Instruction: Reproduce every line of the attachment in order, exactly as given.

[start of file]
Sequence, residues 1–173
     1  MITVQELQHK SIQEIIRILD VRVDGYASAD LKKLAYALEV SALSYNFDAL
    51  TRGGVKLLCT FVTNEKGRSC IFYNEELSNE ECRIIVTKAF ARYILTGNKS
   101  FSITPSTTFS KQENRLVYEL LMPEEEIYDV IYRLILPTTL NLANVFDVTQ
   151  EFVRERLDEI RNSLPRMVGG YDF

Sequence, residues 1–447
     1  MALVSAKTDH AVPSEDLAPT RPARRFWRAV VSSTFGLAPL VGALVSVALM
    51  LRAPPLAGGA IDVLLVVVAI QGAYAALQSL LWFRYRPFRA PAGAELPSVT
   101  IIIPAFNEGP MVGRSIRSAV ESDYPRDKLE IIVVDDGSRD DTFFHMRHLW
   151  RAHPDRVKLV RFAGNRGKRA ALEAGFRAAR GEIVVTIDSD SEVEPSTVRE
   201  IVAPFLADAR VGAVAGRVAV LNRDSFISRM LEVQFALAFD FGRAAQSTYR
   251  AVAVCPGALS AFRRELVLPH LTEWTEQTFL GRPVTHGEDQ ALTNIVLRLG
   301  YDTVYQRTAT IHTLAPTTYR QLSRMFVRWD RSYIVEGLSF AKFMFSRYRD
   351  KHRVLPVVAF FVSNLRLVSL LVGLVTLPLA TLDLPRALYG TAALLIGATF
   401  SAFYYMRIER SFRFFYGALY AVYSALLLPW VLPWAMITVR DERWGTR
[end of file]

Sequence, residues 1–173
     1  MITVQELQHK SIQEIIRILD VRVDGYASAD LKKLAYALEV SALSYNFDAL
    51  TRGGVKLLCT FVTNEKGRSC IFYNEELSNE ECRIIVTKAF ARYILTGNKS
   101  FSITPSTTFS KQENRLVYEL LMPEEEIYDV IYRLILPTTL NLANVFDVTQ
   151  EFVRERLDEI RNSLPRMVGG YDF

Sequence, residues 1–447
     1  MALVSAKTDH AVPSEDLAPT RPARRFWRAV VSSTFGLAPL VGALVSVALM
    51  LRAPPLAGGA IDVLLVVVAI QGAYAALQSL LWFRYRPFRA PAGAELPSVT
   101  IIIPAFNEGP MVGRSIRSAV ESDYPRDKLE IIVVDDGSRD DTFFHMRHLW
   151  RAHPDRVKLV RFAGNRGKRA ALEAGFRAAR GEIVVTIDSD SEVEPSTVRE
   201  IVAPFLADAR VGAVAGRVAV LNRDSFISRM LEVQFALAFD FGRAAQSTYR
   251  AVAVCPGALS AFRRELVLPH LTEWTEQTFL GRPVTHGEDQ ALTNIVLRLG
   301  YDTVYQRTAT IHTLAPTTYR QLSRMFVRWD RSYIVEGLSF AKFMFSRYRD
   351  KHRVLPVVAF FVSNLRLVSL LVGLVTLPLA TLDLPRALYG TAALLIGATF
   401  SAFYYMRIER SFRFFYGALY AVYSALLLPW VLPWAMITVR DERWGTR